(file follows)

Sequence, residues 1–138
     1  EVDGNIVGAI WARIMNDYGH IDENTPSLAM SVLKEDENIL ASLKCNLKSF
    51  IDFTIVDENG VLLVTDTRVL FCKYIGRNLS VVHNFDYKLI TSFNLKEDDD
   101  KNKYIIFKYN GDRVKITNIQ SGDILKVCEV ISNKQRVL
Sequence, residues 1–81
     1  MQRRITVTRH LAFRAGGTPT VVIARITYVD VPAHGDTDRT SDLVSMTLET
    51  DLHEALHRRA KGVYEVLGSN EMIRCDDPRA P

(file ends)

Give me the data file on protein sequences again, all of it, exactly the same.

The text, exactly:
Sequence, residues 1–138
     1  EVDGNIVGAI WARIMNDYGH IDENTPSLAM SVLKEDENIL ASLKCNLKSF
    51  IDFTIVDENG VLLVTDTRVL FCKYIGRNLS VVHNFDYKLI TSFNLKEDDD
   101  KNKYIIFKYN GDRVKITNIQ SGDILKVCEV ISNKQRVL
Sequence, residues 1–81
     1  MQRRITVTRH LAFRAGGTPT VVIARITYVD VPAHGDTDRT SDLVSMTLET
    51  DLHEALHRRA KGVYEVLGSN EMIRCDDPRA P